Effective Monday, March 15, York University will no longer require centralized reporting of absences and will revert to its regular practice of requiring physician’s notes for employee absences as specified in collective agreements and Human Resources operating procedures.
This announcement follows recommendation made on March 1 by the Pandemic Influenza Planning Committee to the provost, Senate executive and senior administration. The committee’s recommendations are:
- York University cease the online tracking of absences of students and employees (due to H1N1 or "flu like symptoms");
- the University revert to its normal practices of requiring physician’s notes for student petitions and requests for deferred standing, and for employee absences as specified in collective agreements and the Department of Human Resources operating procedures.
The committee made its recommendations based on the following developments:
- the Public Health Agency Canada issued a statement on Jan. 27 that it had officially declared the second wave of H1N1 influenza as passed;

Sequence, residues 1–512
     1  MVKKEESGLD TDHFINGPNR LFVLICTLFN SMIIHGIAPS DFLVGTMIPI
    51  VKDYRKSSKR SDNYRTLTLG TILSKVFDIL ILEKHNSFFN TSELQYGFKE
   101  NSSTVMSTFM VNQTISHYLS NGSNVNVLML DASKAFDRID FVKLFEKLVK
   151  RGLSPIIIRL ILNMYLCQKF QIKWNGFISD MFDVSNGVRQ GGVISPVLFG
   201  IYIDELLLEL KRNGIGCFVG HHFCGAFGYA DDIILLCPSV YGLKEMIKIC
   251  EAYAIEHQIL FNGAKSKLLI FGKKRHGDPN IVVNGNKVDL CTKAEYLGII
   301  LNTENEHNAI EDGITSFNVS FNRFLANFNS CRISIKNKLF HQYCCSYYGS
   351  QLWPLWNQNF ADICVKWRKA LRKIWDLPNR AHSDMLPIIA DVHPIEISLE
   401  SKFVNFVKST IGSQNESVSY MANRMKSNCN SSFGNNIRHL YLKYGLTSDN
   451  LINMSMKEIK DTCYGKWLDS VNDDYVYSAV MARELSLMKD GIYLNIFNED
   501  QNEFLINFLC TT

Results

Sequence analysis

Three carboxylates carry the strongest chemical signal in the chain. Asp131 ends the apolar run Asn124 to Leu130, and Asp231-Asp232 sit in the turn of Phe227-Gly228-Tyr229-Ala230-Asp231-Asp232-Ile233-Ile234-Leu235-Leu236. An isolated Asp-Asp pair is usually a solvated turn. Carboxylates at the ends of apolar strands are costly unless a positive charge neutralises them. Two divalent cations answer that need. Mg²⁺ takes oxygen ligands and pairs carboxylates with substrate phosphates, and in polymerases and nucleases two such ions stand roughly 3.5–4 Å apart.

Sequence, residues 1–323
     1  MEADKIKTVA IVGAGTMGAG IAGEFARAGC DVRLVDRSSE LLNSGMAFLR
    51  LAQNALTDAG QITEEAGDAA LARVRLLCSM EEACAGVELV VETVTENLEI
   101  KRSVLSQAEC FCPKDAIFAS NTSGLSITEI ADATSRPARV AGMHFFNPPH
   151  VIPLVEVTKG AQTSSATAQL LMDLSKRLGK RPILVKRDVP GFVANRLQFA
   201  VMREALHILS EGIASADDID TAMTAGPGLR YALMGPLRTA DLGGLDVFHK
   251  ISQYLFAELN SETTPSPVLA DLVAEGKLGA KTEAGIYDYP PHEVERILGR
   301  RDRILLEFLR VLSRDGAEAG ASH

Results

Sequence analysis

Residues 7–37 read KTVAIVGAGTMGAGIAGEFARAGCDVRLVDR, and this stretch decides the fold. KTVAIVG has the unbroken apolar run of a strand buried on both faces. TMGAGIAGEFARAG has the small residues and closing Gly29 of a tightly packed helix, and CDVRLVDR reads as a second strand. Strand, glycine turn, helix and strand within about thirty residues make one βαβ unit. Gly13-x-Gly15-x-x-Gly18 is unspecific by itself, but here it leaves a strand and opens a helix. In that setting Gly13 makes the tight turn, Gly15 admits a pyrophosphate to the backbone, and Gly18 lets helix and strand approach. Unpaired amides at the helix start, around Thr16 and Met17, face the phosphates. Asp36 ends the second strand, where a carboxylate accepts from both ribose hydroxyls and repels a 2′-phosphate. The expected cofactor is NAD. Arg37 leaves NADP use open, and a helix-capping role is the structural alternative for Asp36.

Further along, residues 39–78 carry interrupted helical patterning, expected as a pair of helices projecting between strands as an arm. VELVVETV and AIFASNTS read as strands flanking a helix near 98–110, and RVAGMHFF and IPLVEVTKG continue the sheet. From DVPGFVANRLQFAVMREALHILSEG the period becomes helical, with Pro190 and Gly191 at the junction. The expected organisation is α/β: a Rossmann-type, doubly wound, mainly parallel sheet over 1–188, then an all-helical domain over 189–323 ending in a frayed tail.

- there has been no indication of a re-emergence of a widespread outbreak of H1N1 over the past two months, and the likelihood of a re-emergence in the next several months remains low;
- there has been a significant drop in the number of reported student absences due to H1N1 or flu like symptoms since early January; and following advice received from Toronto Public Health.
The University Provost, Senate executive and senior administration have accepted the recommendations of the Pandemic Influenza Planning Committee.
The World Health Organization continues to assess the level of pandemic alert for H1N1 at Phase 6 (full pandemic alert). The Pandemic Committee recommends that all members of the community remain vigilant with respect to level of awareness and flu prevention measures.
In this regard, hand sanitizer dispensers will continue to be replenished, influenza prevention notices will continue to be posted in washrooms, offices and in publicly accessible corridors. Custodians in academic and residential buildings will continue to focus on a standard of cleaning in and around washrooms and in high traffic areas consistent with the current level of cleaning practice.